Harder, Bertha Fast (1914-2008)
Bertha Fast Harder was born 26 July 1914 in Mountain Lake, Minnesota, USA, to Herman B. Fast (19 May 1887-19 December 1938) and Anna Warkentin Fast (19 November 1886-11 October 1980). Bertha was the second daughter in a family of four daughters and one son. Bertha graduated from Mankato (Minnesota) State Teachers' College in 1937. From 1937 to 1944 she taught First Grade in Minnesota public schools and helped on the family farm. At the end of World War II she worked with Yugoslav and Jewish refugees in Egypt and Italy through Mennonite Central Committee and the United Nations Relief and Rehabilitation Administration. She graduated from Bethel College (BA, 1949), and from Mennonite Biblical Seminary (MRE, 1951). On 8 August 1951 she married Leland Harder. They had two sons.
Bertha was a pioneer leader among Mennonite women. Following her relief work, she became the first General Conference Mennonite Voluntary Service worker, taking her slides and stories to church communities across the USA and Canada. Immediately afterward she was asked to become the first director of General Conference Mennonite Voluntary Service. She was the first woman to be elected to a major Mennonite denominational board: the General Conference Mennonite Commission on Education. From 1952-57 she was a pastor’s wife and a partner with her husband through leadership in Sunday School, summer Bible school and several women's groups at First Mennonite Church on Chicago’s south side, a General Conference Mennonite Church mission church. For 25 years, 1958-1983, Bertha taught Christian education classes and coordinated student wives’ activities at Associated Mennonite Biblical Seminaries in Elkhart, Indiana. She became well known for her church speaking and story-telling. In retirement she served as a docent at Kauffman Museum (North Newton), director of Low German programs at Bethel College’s Fall Festival, and as a popular 5th and 6th grade Sunday School teacher.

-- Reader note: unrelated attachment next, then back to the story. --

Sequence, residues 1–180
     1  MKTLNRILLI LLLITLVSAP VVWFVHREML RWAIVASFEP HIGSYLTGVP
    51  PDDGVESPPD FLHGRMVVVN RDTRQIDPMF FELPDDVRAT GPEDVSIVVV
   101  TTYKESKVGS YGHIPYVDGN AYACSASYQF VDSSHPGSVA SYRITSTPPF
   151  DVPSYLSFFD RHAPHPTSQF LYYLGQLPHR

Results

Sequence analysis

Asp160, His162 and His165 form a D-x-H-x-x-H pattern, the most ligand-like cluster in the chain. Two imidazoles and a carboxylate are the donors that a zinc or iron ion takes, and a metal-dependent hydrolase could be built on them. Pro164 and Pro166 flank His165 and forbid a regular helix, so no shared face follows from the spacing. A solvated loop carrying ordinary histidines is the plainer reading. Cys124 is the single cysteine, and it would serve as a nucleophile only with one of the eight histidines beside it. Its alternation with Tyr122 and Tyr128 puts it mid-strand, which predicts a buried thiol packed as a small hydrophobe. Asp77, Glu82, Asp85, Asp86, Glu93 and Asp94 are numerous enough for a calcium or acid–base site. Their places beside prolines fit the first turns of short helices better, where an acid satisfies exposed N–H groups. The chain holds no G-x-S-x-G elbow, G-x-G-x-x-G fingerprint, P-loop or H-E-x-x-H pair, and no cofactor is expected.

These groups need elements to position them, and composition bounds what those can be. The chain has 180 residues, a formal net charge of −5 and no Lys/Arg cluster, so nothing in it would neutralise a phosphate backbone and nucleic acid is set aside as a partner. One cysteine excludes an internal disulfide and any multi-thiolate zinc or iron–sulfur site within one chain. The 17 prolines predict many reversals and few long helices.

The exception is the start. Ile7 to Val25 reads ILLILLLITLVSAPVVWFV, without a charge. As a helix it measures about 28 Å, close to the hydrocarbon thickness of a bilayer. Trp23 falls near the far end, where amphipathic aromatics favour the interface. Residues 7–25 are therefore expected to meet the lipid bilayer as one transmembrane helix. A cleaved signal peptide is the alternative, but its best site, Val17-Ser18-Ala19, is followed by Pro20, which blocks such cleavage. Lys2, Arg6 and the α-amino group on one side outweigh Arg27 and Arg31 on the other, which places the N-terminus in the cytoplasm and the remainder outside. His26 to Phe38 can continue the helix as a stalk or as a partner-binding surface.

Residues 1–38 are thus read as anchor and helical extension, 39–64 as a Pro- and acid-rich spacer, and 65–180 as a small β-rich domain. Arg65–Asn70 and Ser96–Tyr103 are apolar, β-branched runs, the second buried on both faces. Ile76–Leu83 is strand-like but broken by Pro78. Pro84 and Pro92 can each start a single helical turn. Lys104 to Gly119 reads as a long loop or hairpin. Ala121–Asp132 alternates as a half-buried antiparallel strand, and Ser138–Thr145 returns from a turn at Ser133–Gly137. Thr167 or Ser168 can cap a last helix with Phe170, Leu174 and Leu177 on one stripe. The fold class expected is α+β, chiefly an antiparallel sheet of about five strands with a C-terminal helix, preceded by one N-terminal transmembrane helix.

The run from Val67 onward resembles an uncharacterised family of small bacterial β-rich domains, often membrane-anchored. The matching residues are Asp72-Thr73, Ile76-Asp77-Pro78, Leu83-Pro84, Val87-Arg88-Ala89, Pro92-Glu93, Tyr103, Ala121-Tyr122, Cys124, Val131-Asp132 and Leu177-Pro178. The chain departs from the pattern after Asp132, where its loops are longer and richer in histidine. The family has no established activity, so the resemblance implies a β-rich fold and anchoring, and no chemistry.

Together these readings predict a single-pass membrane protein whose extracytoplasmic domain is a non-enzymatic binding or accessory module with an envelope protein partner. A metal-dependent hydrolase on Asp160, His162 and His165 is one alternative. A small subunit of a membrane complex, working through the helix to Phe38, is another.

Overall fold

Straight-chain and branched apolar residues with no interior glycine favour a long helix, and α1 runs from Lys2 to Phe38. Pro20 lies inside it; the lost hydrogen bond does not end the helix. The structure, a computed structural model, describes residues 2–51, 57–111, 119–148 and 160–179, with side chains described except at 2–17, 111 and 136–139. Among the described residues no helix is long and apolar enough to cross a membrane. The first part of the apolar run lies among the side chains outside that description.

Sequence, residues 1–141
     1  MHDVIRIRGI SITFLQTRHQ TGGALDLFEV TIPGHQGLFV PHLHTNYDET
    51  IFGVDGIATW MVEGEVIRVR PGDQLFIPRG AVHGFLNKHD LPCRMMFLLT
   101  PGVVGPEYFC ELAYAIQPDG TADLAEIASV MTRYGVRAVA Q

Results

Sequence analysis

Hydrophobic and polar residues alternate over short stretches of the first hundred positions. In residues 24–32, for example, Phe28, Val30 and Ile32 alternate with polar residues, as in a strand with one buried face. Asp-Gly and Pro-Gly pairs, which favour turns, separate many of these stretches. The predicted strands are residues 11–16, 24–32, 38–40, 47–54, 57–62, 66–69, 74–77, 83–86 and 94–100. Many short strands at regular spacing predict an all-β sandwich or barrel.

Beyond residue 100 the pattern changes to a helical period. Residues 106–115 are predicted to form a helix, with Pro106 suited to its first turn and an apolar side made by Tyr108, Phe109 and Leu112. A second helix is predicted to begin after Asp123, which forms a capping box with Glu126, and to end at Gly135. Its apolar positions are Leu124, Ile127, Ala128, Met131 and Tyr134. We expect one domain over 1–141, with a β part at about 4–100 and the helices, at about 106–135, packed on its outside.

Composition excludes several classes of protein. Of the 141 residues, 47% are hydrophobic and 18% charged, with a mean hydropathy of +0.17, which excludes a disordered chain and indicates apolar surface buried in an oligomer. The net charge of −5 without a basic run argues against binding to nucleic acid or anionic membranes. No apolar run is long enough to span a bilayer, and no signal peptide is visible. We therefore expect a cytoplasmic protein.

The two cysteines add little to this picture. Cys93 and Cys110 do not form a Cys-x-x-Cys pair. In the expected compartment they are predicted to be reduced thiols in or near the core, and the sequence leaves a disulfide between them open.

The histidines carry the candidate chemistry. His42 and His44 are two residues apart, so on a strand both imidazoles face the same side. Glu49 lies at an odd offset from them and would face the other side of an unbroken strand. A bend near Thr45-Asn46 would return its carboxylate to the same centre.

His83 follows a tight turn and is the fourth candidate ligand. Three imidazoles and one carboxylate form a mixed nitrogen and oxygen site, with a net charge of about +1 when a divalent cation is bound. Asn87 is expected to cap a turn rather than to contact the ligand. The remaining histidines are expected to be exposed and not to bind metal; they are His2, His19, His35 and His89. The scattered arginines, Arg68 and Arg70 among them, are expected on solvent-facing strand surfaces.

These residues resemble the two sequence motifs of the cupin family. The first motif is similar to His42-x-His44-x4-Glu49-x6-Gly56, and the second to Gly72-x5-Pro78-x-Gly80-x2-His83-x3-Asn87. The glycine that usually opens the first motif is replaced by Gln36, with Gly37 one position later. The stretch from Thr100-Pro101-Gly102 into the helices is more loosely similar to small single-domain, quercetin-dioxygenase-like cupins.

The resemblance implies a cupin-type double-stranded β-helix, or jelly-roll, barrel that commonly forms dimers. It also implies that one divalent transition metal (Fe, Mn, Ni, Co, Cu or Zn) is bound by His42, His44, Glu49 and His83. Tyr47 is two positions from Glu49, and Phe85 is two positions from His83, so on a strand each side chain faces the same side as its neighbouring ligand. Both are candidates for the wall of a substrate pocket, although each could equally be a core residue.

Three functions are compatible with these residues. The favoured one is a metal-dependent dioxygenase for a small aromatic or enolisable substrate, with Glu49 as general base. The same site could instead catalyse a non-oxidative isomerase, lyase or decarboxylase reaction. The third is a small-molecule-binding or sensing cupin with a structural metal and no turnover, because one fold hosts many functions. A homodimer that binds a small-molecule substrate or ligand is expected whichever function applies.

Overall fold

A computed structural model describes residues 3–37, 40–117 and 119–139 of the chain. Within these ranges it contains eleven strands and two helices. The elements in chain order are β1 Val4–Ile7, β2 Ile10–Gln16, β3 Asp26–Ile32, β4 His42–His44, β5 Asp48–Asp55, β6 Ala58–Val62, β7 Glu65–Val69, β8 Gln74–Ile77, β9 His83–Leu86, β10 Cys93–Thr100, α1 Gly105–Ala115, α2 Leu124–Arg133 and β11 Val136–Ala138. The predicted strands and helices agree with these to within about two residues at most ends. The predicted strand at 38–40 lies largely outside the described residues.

At home Bertha raised her two sons. She loved to garden and cook and bake, especially traditional Mennonite baking and dishes, and be a hostess to guests. She provided entries in a Mennonite cookbook, and a chapter telling her story in the book, She Has Done a Good Thing. She reveled in the accomplishments of her five granddaughters. In 2008 Bertha contracted a form of leukemia and died on 23 August 2008. Bertha and Leland Harder are buried in the Gnadenau Mennonite Cemetery south of Hillsboro, Kansas.
“Bertha Fast.” GRANDMA (The Genealogical Registry and Database of Mennonite Ancestry) Database, 18-03 ed. https://www.grandmaonline.org/GW-ASP-4/GWIndividual-new.asp: #20140.
Harder, Bertha Fast, "Go and teach Christian education" in She Has Done a Good Thing: Mennonite Women Leaders Tell Their Stories, ed. Mary Swartley and Rhoda Keener. Scottdale, Pa. and Waterloo, Ont.: Herald Press, 1999: 144-152.
Klassen, Mary E. “Christian education leader dies: Harder was the first female faculty member at AMBS.” Associated Mennonite Biblical Seminaries. Reproduced in Biograph. 20 August 2018. https://mla.bethelks.edu/mediawiki/index.php/Harder,_Bertha_Fast_(1914-2008).
|Author(s)||John D. Harder|
|James C. Juhnke|
|Date Published||August 2018|
Cite This Article
Harder, John D. and James C. Juhnke. "Harder, Bertha Fast (1914-2008)." Global Anabaptist Mennonite Encyclopedia Online. August 2018. Web. 2 Aug 2021. https://gameo.org/index.php?title=Harder,_Bertha_Fast_(1914-2008)&oldid=161440.
Harder, John D. and James C. Juhnke. (August 2018). Harder, Bertha Fast (1914-2008). Global Anabaptist Mennonite Encyclopedia Online. Retrieved 2 August 2021, from https://gameo.org/index.php?title=Harder,_Bertha_Fast_(1914-2008)&oldid=161440.
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